We used the EtherNet/IP Driver for Industrial Communication that originated in NI Labs to communicate directly with Allen-Bradley ControlLogix PLCs. We used the Simple Messaging Reference Library protocol to communicate between the CompactRIO and the PC for live data streaming and commands. We simplified communication by providing a simple, reliable way to connect to external devices.
The volume of data collected on each CompactRIO system presented a development challenge and required planning to ensure reliability and long-term stability. Each test stores approximately 12 channels of data for 25 seconds, resulting in approximately 1.5 MB of Technical Data Management Streaming (TDMS) files. At full production rate, each CompactRIO system produces approximately 2 GB of data per day. Because of this high volume, an external USB hard drive was connected to the CompactRIO to store the data. The data automatically uploads to the PC when connected, but the CompactRIO drive houses a local buffer in case the PC or network is down. Similarly, data automatically transfers from the PC to the DataManager when the server is connected. The PC maintains its own data buffer for quick access and storage if the server is disconnected.
Figure 3: Signal.X DataManager Sample Screen
This project used a Signal.X off-the-shelf product for storing, querying, reporting, and archiving test stand data. Based on a standard query language database, the DataManager resides on a server that scans all configured stations on a predetermined schedule, retrieves and archives data files, and inserts test results in the database. Users can query the database to return a production data subset, create reports based on those queries, and automate those reports to be autogenerated and alarmed for trending. Additionally, users can run historical data on the server against new limits for evaluating new metrics and “what-if” scenarios.
Figure 4: Schematic of Signal.X DataManager Operation
The Complete Package
The CompactRIO system forms a complete, reliable, quick, and reconfigurable automated test system controller. Quick cycle time and efficient data use maximizes overall production throughput, which ultimately saves money and improves processes. By adding a complete data management solution, Signal.X has positively impacted upstream processes by isolating warranty returns, understanding assembly defects, and refining test procedures and limits.
NI Solution Benefits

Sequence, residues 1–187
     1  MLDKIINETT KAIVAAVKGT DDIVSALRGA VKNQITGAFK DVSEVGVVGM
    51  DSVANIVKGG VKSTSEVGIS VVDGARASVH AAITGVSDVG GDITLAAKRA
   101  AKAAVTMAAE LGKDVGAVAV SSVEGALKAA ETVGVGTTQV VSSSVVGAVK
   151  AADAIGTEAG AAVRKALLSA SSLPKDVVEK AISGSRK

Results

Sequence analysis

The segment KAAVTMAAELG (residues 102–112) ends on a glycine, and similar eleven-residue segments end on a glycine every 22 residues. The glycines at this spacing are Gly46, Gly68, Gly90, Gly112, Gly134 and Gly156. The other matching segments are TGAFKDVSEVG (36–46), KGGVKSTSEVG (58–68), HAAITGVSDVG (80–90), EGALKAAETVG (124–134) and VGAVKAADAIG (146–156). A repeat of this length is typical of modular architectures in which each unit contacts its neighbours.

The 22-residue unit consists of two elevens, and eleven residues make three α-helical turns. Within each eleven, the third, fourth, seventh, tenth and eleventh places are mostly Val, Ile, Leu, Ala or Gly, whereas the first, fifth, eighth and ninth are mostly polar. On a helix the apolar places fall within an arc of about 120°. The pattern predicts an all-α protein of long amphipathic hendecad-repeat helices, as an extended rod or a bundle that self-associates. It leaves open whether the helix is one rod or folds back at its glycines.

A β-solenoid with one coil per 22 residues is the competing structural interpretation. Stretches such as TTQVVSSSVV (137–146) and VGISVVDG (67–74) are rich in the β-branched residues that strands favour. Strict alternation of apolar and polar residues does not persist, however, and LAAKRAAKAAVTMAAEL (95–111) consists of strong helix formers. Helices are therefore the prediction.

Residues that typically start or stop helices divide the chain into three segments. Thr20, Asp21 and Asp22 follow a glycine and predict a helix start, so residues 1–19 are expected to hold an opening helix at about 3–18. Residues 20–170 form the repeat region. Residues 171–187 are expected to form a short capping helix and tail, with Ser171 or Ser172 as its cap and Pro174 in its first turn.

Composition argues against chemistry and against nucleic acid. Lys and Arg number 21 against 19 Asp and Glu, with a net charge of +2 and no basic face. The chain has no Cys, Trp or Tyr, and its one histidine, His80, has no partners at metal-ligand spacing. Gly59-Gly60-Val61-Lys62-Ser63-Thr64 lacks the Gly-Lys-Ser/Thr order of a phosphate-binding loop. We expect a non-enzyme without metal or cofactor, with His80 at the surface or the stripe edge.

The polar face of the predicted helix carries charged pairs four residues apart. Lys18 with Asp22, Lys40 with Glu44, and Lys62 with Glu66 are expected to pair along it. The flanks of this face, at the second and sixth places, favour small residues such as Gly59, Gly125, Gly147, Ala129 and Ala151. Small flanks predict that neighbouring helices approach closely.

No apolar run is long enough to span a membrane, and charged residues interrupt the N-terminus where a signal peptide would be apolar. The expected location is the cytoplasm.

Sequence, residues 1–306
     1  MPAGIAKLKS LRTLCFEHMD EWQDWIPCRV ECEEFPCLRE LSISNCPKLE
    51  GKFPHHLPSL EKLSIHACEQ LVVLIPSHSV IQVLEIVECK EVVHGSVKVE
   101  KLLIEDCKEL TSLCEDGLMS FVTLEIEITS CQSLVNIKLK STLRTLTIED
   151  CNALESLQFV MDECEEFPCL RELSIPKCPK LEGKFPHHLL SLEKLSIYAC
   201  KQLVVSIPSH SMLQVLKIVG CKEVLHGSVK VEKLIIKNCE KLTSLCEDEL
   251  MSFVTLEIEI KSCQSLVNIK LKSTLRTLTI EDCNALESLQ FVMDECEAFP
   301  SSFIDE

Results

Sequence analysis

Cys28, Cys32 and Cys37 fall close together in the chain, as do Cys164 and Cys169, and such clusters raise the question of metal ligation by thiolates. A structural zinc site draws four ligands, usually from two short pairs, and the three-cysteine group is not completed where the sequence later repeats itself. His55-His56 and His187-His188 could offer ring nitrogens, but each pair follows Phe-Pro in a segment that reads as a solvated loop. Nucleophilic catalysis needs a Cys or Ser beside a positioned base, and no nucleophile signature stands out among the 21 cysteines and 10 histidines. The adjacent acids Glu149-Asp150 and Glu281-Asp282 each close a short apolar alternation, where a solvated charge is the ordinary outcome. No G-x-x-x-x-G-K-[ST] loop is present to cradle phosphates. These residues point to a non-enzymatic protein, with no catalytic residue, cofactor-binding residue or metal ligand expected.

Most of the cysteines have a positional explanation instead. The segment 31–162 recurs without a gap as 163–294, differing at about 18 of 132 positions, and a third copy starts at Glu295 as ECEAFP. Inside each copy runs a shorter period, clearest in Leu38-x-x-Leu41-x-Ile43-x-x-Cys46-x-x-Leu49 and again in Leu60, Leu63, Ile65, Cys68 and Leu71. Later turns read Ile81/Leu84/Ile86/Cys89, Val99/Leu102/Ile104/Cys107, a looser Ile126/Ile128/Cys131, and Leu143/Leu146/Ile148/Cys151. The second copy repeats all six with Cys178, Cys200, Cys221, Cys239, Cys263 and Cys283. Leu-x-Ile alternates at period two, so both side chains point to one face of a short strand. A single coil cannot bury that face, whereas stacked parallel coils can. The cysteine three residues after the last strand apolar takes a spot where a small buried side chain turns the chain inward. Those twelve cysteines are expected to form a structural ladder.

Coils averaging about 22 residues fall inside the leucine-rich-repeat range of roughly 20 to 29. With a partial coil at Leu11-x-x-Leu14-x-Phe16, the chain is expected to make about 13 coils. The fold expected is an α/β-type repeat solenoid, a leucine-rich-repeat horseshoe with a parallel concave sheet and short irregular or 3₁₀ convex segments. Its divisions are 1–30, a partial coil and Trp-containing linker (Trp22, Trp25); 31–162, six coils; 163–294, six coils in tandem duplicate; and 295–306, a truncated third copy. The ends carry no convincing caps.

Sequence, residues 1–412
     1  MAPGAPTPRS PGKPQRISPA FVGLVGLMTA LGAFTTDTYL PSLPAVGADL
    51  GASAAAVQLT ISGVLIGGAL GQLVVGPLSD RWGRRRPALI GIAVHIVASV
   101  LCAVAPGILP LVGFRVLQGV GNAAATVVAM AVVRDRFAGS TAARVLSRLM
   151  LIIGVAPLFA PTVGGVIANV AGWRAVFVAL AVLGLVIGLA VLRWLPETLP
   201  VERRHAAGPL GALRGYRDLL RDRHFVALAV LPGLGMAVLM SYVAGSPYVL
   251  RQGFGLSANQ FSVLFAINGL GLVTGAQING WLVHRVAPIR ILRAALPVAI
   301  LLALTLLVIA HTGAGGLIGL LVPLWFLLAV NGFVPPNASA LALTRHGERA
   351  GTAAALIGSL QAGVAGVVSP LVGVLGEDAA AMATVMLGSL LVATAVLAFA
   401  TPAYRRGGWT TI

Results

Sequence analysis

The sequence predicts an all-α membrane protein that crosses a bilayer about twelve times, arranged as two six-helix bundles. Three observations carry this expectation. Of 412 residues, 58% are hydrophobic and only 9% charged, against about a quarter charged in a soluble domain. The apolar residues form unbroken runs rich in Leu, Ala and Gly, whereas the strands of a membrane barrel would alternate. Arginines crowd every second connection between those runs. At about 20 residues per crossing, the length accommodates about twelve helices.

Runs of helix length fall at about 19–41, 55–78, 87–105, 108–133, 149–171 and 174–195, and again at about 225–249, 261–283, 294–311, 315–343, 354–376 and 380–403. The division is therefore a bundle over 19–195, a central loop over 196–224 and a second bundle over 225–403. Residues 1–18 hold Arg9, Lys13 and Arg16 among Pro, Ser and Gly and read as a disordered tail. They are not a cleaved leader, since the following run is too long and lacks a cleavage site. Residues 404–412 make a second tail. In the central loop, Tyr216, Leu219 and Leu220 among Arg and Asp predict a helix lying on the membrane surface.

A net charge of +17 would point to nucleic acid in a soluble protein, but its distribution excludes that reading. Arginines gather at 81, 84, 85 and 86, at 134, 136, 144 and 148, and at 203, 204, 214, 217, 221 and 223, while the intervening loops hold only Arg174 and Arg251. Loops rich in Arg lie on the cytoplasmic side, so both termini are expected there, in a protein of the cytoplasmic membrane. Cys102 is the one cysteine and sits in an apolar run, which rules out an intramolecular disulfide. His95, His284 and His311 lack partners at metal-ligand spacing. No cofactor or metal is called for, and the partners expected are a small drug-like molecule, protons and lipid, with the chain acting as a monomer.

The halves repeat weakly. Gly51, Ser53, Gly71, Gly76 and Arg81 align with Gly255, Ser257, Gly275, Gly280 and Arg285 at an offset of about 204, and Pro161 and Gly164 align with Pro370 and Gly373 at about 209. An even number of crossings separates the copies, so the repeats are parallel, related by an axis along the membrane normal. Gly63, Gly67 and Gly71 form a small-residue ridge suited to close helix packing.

In the past, these processes were separated among individual controllers and PLCs, increasing complexity and cost. The CompactRIO platform combines all of the functions into one hardware component, managed by a single process. Also, LabVIEW programming flexibility means that you can adjust any of those processes from one source code set or configuration screen.
The Bottom Line
Several key technologies used in this project resulted in clear and tangible process improvements and efficiencies, including the following:
- Removing the Windows PC from the critical production path reduced downtime and increased reliability from the real-time OS embedded in the CompactRIO system.
- Because the system processes data in parallel with test, it makes pass/fail decisions quicker and rejects parts upon failure, rather than after completing an entire test.
- By rejecting and retesting parts immediately upon failure, throughput has increased by an average of 5 percent.
- Bringing all of the data into the DataManager with automated reporting, batch processing, and data archiving has eliminated key sources of plant frustration by giving engineers and managers up-to-date production process information and automating tasks that were previously done manually.
Figure 5: Main Station Panel
In the words of the customer, “The demands of our manufacturing environment and 24/7 production require maximum efficiency and reliability while maintaining the highest quality. This was provided by the architecture that Signal.X Technologies applied to our end-of-line test system. The result is increased throughput, reduced downtime, and an overall improved reliability.”